The percentage of projected global population (SSP2 population scenario) that will suffer from a decrease of renewable groundwater resources of more than 10% between the 1980s and the 2080s was computed to range from 24% (mean based on five GCMs, range 11-39%) for RCP2.6 to 38% (range 27-50%) for RCP8.5 (Portmann et al., 2013; Table 3-2). The land area affected by decreases of groundwater resources increases linearly with global mean temperature rise between 0°C and 3°C. For each degree of global mean temperature rise, an additional 4% of the global land area is projected to suffer a groundwater resources decrease of more than 30%, and an additional 1% to suffer a decrease of more than 70% (Portmann et al., 2013).

Chapter 4. Terrestrial Ecosystems and Inland Water Systems

"CO2 effects are a first-order influence on model projections of ecosystem and hydrological responses to anthropogenic climate change (Sitch et al., 2008; Lapola et al., 2009; Friend et al., 2013)."

Chapter 5. Coastal Systems and Low-Lying Areas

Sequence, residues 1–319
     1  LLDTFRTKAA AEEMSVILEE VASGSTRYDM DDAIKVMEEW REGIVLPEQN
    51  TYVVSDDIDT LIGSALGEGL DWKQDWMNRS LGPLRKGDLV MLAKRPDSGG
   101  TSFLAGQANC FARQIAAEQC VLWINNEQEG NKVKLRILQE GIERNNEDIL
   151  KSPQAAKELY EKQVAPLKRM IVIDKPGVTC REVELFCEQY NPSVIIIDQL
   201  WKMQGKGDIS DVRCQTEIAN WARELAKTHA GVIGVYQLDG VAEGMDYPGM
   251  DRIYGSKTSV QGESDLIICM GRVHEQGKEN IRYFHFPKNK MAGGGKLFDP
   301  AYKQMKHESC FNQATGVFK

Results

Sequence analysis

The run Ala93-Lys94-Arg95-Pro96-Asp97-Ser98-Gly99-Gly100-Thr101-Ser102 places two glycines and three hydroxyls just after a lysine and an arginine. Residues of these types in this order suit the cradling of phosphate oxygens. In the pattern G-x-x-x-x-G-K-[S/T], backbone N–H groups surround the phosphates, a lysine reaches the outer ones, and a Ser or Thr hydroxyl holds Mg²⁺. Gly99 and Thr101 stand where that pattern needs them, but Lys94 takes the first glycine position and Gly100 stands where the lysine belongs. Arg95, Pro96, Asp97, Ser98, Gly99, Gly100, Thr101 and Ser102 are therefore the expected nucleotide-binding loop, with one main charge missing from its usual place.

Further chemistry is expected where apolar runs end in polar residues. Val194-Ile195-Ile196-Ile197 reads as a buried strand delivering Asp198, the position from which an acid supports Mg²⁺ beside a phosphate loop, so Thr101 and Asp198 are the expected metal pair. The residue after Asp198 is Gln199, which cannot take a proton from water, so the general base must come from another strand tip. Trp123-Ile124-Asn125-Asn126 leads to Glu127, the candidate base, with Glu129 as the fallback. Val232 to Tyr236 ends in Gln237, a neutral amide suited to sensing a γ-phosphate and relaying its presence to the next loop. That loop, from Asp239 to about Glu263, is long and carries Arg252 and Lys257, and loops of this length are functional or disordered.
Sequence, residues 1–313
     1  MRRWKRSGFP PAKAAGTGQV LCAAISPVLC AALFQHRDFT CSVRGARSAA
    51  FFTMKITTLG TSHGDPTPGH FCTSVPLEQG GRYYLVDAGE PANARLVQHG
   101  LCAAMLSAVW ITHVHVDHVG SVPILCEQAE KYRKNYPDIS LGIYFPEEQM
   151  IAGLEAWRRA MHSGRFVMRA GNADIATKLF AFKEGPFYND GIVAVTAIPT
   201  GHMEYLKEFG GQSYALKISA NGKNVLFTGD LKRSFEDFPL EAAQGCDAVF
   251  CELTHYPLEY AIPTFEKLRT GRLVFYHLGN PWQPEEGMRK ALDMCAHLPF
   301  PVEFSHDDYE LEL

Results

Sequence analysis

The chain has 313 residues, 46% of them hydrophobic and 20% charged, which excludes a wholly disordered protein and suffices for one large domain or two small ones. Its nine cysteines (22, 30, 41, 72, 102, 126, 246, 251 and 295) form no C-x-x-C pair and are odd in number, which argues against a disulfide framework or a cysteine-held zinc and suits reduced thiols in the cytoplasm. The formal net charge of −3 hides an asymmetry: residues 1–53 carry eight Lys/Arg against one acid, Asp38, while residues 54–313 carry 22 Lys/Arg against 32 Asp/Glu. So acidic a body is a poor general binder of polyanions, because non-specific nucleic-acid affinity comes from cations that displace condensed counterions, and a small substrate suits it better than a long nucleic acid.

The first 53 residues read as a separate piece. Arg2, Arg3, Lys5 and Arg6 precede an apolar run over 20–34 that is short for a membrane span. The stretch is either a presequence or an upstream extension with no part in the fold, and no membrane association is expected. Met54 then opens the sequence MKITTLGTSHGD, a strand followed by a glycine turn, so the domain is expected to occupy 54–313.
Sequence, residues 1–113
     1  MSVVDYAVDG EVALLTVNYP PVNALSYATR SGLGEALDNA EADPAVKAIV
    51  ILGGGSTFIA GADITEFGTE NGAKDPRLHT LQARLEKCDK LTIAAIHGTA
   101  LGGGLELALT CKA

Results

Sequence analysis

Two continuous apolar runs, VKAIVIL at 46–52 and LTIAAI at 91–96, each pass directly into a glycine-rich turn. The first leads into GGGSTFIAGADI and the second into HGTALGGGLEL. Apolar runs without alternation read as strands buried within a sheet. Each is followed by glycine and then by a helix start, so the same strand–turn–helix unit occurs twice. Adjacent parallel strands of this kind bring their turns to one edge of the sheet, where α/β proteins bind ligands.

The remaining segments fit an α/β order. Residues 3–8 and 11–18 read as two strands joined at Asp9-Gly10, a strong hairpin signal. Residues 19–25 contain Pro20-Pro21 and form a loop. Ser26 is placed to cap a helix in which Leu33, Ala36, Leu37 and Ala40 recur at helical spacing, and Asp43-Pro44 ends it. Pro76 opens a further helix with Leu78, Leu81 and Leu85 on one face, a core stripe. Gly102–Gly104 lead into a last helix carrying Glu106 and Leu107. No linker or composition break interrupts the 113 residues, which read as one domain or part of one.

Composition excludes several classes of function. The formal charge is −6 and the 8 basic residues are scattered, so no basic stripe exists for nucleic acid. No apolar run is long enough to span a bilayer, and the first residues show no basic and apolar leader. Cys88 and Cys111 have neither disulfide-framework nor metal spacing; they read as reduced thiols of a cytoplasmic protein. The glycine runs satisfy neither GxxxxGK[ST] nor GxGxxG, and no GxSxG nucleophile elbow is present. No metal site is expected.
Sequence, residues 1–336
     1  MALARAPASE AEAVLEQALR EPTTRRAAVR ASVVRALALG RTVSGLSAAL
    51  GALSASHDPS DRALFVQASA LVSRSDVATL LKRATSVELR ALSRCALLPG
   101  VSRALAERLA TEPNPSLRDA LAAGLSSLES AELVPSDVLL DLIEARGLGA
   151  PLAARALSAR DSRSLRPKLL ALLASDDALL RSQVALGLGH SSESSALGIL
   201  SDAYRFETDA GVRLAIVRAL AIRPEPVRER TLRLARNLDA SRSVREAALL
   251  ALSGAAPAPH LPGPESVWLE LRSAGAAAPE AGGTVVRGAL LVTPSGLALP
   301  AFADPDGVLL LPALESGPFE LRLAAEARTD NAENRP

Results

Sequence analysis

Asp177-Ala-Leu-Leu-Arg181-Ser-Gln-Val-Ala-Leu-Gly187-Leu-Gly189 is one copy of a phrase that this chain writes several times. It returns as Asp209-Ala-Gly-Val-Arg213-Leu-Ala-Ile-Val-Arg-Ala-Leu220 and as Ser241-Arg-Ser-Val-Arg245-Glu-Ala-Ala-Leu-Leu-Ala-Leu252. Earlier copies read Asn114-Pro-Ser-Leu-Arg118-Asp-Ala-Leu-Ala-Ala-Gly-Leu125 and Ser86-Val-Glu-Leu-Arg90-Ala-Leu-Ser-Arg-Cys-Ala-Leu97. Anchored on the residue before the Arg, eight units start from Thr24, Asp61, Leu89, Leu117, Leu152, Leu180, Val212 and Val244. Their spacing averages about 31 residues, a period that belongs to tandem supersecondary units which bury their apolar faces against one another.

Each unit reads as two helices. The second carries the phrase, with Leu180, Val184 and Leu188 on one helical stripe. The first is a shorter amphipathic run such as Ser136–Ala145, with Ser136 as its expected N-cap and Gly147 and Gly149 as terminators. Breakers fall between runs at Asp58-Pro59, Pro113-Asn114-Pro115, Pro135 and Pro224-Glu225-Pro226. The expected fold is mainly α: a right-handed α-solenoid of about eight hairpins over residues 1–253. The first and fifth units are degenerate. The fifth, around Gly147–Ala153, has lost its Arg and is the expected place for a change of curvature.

"Upgrading coastal defenses and nourishing beaches would reduce these impacts roughly by three orders of magnitude. Hinkel et al. PNAS (2013) estimate the number of people flooded annually in 2100 to reach 170 Fto 260 million per year in 2100 without upgrading protection and two orders of magnitude smaller with dike (levee) upgrades, if GMSL rises 0.6 to 1.3 m by 2100."

Hinkel et al. (2013) report that stabilizing emissions at 450 ppm-CO2-eq reduces the average number of people flooded in 2100 by about 30% compared to a baseline where emissions increase to about 25 Gt C-eq in 2100.

The available global studies show that it is economically rational to protect large parts of the world's coastline during the 21st century against sea level rise impacts of increased coastal flood damage and land loss (Nicholls and Tol, 2006; Anthoff et al., 2010; Hinkel et al., 2013; high agreement, limited evidence).

For coastal flooding, an application of DIVA shows that for 21st century GMSL rise scenarios of 60-126 cm, the global costs of protection through dikes (levees) are much lower than the costs of damages avoided through adaptation (Hinkel et al., 2013).